A project of the Alliance of Nurses for Healthy Environments and Project Drawdown
A project of the Alliance of Nurses for Healthy Environments and Project Drawdown

About

Nurses have always known that the best way to prevent needless suffering and death is through strong and effective public and population health. We therefore plan to do all that we can to minimize the chance of future pandemics. That means we need to protect the health of the planet in order to protect the health of humanity. Even in the midst of a global pandemic, nurses are dedicated to building a healthier future.

The science is clear, the climate crisis poses one of the greatest risks to health that humanity has ever faced and the time to act is now if we are to avoid the most catastrophic impacts. Fortunately, the science is also clear that there are actions we can take to effectively drawdown the level of greenhouse gases in our atmosphere.

In her famous book Notes on Nursing, Florence Nightingale (1860) wrote:

It is often thought that medicine is the curative process.  It is no such thing; medicine is the surgery of functions, as surgery is that of limbs and organs.  Neither can do anything but remove obstructions; neither can cure, nature alone cures.  Surgery removes the bullet out of the limb, which is an obstruction to cure, but nature heals the wound.  So it is with medicine; the function of an organ becomes obstructed; medicine, so far as we know, assists nature to remove the obstruction, but does nothing more.  And what nursing has to do in either case is to put the patient in the best condition for nature to act upon him. (p. 133)

At the heart of nursing is the understanding that when we create the right environment, nature can heal itself. As the most numerous and most trusted health profession in the world, nurses can co-create a healthier future by embracing the actions of Nurses’ Drawdown.

Nurses across the globe are invited to participate in Nurses’ Drawdown. Since the earliest days of professional nursing, nurses have understood that optimal health requires good nutrition, adequate mobility, a healthy environment, and social support. Through commitment to Nursing Drawdown actions, nurses will improve the health of individuals and communities, while also taking steps to heal the planet.

In partnership with Project Drawdown, nurses from all specialties and in all practice settings are encouraged to take action in four key areas:

  • ENERGY: Supporting a clean energy future by promoting energy efficiency and advocating for a transition to renewable energy
  • FOOD: Commit to a plant-based diet, use of clean cook stoves, and reduced food waste
  • MOBILITY: Bike infrastructure, walkable cities, and mass transit
  • GENDER EQUITY: Educating girls and family planning
  • NATURE-BASED SOLUTIONS: Planting trees, protecting tropical forests and forest protection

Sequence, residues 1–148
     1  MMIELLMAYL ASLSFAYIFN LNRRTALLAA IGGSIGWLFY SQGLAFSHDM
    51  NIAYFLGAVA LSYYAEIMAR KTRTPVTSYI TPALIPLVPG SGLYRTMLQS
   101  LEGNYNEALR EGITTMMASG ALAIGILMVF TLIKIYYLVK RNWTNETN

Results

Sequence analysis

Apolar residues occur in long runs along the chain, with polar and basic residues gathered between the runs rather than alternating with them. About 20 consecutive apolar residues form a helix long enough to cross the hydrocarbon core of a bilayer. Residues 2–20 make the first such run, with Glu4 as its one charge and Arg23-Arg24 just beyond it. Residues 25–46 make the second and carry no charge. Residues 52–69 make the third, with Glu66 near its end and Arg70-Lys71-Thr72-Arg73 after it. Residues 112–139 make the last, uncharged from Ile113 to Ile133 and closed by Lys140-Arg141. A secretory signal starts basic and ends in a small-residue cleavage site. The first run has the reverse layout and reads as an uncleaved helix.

As nurses, we commit ourselves to improving the health of individuals, communities, and the planet now, and for generations to come.

Nurse Organization Partners

Planning Committee

A very special thank you to the planning committee of Nurses Drawdown. Your dedication, countless volunteer hours, and commitment to Nurses Drawdown has been remarkable. This initiative is a true labor of love for these amazing nurses:

Tucker Annis, BSN, RN
University of Minnesota School of Nursing

Oriana Beaudet, DNP, RN, PHN
Vice President of Innovation
ANA Enterprise

Erica Burton, RN, BScN, MPH
Senior Advisor, Nursing and Health Policy
International Council of Nurses

Cara Cook, MS, RN, AHN-BC
Climate & Health Program Manager 
Alliance of Nurses for Healthy Environments
 
Shanda Demorest, DNP, RN-BC, PHN
LEED Green Associate
Practice Greenhealth
University of Minnesota
 
Beth Divakaran, DMP, RN
 
Sara L. Horton-Deutsch, PhD, RN, FAAN, ANEF, Caritas Coach
Director, Kaiser Permanente/USF Partnership
University of San Francisco
 
Katie Huffling, MS, RNM, CNM, FAAN
Executive Director
Alliance of Nurses for Healthy Environments
 
Katheren Koehn MA, RN, FAAN
Executive Director
Minnesota Organization of Registered Nurses (MNORN)
 
Trisha Mims MSN, MBA, RN, HCM
Director of Program and Education
National Student Nurses’ Association
 
Daniel J Pesut, PhD, RN, FAAN   
Professor of Nursing Population Health and Systems Cooperative Unit
Director, Katharine Densford International Center for Nursing Leadership
University of Minnesota School of Nursing 
 
Claire Phillips, MN, RN
University of Minnesota School of Nursing 
 
Teddie Potter, PhD, RN, FAAN
Professor, Director of Planetary Health
University of Minnesota School of Nursing
 

Barbara Sattler, RN, DrPH, FAAN
Professor, Public Health Program
University of San Francisco

 
Beth Schenk, PhD, RN, FAAN
Executive Director of Environmental Stewardship
Providence St. Joseph Health 
 
Zoe Sweet
University of San Francisco

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